--"Possessed: The Infamous Texas Stiletto Murder" by Kathryn Casey. I love her true crime stuff, and she doesn't fail here either.

--"Superhuman by Habit" & "Superhuman Social Skills" by Tynan. Yawn.

--"The Red Bandanna: A Life, A Choice, A Legacy" by Tom Rinaldi. The story of a heroism at the World Trade Center. So good.

--"The Curious Case of Benjamin Button" by F. Scott Fitzgerald. Interesting story, quick read. Movie was better (and longer)

--"Freakonomics: A Rogue Economist Explaisn the Hidden Side of Everything" by Steven Levitt and Stephen Dubner.  An interesting take on not just economics, but socioeconomics -- where else could you see the connect between standardized testing of US teachers and the Yazuka and sumo wrestling in Japan.

--"The Descendants" by Kaui Hart Hemmings.  The George Clooney movie is based on this book about a Hawaiian landowner, a wife in a coma, two troubled daughters and an affair. If you like the movie, you'll like the book. If not... you won't. I loved both.


And so tomorrow, my Top Ten Books of 2016



Monday, February 13, 2017

for the love of audiobooks

For the third year in a row, I reached my book goal! Because unless I have something to push towards, I can tell you that I would likely never pick up a book and absorb a single word...

Okay, let me stop here and further expound on this point, lest you call me out on whatever you'd call me out on. I use Audible. I'm an audiobook junkie... in fact, my first audiobook ever was a Christmas story (A, not The) on cassette I randomly obtained in college. It was the story of a girl who lived on the wrong side of the tracks, and was picked on by some of the more popular girls, and somehow was given an assignment to be a secret Santa to one of the popular girls... so because she had very little money due to her family not being very financially sound, she ends up making Christmas presents for the girl. And she ends up bringing joy to an otherwise shallow young lady, by making the gifts thoughtful (like, a basket with the girl's favorite things in it, or a scrapbook documenting her cheerleading career, etc).

This movie is amazing. The original from 1957 is likely a better film,  but I
enjoyed this movie so much more
I don't remember the name of the book, the author, and I'm not positive it wasn't a shorter story as a part of a Christmas collection, but there ya go. I remember being all excited about letting my friend Allyson listen to it so she'd enjoy it as much as I did, and she was like "Yeah, its great". Thanks, chick. To be fair, she did the same thing - before falling asleep - when I made her watch Showtime's version of "Twelve Angry Men" in 1997, so perhaps we didn't see eye to eye on what made compelling storytelling. Digress, I do.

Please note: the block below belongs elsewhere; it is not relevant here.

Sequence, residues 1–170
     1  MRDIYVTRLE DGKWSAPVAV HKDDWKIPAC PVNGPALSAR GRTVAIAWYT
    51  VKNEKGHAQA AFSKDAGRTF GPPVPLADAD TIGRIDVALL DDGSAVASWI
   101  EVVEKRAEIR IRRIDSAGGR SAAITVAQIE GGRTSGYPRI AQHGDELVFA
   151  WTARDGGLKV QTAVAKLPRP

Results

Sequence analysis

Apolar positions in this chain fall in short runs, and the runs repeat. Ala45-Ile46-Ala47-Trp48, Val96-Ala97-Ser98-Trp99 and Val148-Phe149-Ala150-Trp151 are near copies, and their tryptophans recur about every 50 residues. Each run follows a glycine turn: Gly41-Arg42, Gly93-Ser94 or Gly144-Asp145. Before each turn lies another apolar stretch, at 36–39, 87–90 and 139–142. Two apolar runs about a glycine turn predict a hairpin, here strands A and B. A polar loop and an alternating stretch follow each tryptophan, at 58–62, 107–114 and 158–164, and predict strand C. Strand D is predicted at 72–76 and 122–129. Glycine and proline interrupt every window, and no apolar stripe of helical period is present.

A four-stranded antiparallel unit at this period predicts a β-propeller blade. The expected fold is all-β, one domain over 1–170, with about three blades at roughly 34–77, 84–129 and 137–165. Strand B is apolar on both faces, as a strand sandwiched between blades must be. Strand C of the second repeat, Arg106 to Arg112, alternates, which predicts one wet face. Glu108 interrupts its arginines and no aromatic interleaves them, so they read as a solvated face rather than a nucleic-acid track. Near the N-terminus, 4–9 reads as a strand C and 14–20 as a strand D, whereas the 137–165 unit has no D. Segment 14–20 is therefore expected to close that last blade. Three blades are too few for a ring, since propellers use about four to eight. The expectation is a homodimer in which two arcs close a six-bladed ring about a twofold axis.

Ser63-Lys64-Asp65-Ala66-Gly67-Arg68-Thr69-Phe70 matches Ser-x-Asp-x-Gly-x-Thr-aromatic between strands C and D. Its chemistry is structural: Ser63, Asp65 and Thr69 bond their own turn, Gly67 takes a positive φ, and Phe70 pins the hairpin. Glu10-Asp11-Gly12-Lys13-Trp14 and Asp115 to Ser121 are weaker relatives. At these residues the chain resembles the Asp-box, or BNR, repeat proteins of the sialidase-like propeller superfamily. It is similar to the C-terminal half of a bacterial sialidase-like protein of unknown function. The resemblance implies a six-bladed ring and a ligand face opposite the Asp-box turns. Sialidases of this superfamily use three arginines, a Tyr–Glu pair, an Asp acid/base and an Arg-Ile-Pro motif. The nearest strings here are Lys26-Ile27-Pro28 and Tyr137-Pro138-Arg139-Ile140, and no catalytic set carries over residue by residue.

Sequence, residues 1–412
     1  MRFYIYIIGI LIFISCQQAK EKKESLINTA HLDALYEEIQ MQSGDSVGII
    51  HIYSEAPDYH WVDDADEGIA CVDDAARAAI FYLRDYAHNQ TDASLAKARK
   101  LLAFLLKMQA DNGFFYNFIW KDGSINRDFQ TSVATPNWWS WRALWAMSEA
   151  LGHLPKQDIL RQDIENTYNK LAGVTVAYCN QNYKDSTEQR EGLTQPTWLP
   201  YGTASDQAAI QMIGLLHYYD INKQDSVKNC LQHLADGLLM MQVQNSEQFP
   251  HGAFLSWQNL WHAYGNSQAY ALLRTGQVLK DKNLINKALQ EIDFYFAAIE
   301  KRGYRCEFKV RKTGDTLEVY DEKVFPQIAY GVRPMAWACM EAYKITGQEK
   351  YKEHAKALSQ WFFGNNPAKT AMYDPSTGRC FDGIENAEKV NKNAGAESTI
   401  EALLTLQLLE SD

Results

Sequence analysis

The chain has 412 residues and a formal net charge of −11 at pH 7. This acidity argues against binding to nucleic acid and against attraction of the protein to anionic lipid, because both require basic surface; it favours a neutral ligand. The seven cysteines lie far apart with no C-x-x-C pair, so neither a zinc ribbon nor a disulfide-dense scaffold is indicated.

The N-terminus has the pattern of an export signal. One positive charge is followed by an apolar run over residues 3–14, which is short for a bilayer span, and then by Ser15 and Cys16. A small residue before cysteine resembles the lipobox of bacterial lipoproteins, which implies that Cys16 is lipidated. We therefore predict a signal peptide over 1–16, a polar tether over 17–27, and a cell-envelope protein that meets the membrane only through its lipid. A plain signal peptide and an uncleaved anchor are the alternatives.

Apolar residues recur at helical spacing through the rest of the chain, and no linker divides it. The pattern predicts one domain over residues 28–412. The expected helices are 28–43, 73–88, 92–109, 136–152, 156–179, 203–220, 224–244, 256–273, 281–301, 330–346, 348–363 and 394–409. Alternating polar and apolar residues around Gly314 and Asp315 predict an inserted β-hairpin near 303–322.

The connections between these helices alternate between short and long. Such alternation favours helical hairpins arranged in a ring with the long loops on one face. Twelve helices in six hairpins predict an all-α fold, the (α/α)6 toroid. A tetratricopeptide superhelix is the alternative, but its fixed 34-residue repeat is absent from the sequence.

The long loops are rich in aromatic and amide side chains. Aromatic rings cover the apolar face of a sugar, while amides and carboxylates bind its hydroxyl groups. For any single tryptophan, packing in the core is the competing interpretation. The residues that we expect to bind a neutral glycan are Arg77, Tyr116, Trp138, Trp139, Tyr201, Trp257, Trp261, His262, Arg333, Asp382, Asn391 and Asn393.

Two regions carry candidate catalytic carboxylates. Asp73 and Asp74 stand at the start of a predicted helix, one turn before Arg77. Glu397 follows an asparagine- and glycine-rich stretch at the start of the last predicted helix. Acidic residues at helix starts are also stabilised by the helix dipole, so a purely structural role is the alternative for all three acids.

When I moved to Birmingham, I visited the library one day (for you millennials, the "library" is a place where you can "check out", or "borrow", or even "free rent" books and other types of media, with the agreement that you return it in a set amount of time) and discovered this huge array of books on CD. So I visited 2 or 3 times per month, checking out anywhere from 3 or 4 to 8 or 9 books on CD at a time, importing them into my iTunes. Some loaded easily, with track names, others had tracks that were about a minute long -- some books literally had 100s of tracks to them. "Kingdom Keepers", I'm looking at you.

Some years later, after I had 100+ audiobooks loaded into iTunes, I discovered Audible.com. My first book ever was "Walt Disney" by Neal Gabler, this 35 hour epic biography, which I blew through in a few days. I was hooked... not only was it just a few files (four 8-hour tracks) but no CDs to deal with. I bought a few more books here and there, and realized that the 1-credit per month plan was not enough. I bumped it up to 2-credits per month and have had that ever since.

The real debate rages on... does listening to audiobooks count as reading? I say yes. Many say no.

The real answer? Who gives a rip. I call it reading, you call it listening, let's call the whole thing off, amma right?

Without Audible.com, I wouldn't touch a book of any kind. Why? I'm just too busy. Through audiobooks, I can take the book in so much better... see, when I read, I have a bad habit of scan-reading. I don't mean to, but I do -- I'll even read a paragraph and have to go back a few pages to get a context of what I just read, as I may have scanned over it. The Lovely Steph Leann says I do this with emails, though I don't know what she means. Wink wink nudge nudge.

Without Audible, I would have never gone in-depth into the Steven Avery case, as documented in "Making a Murderer" on Netflix. Without Audible, I would have never discovered the benefit of the Purple Cow as per Seth Goins. Without Audible, would likely have never revisited (re-read) the downfall of the WCW in the 90s as a part of the Monday Night War. Or known what the true difference is between the movie and the book of "The Running Man".

Or gone through all of the Harry Potter novels for a 5th time. All 119 hours of it, by the way.

I had a goal of 43 books this year... and 42 of them were listened to via my iPod, thanks to Audible. This is not a shill for Audible, necessarily, they just happen to be who I dearly love.


Incidentally, this was the opening part to a three part blog post about the books actually read in 2016... and so that comes tomorrow.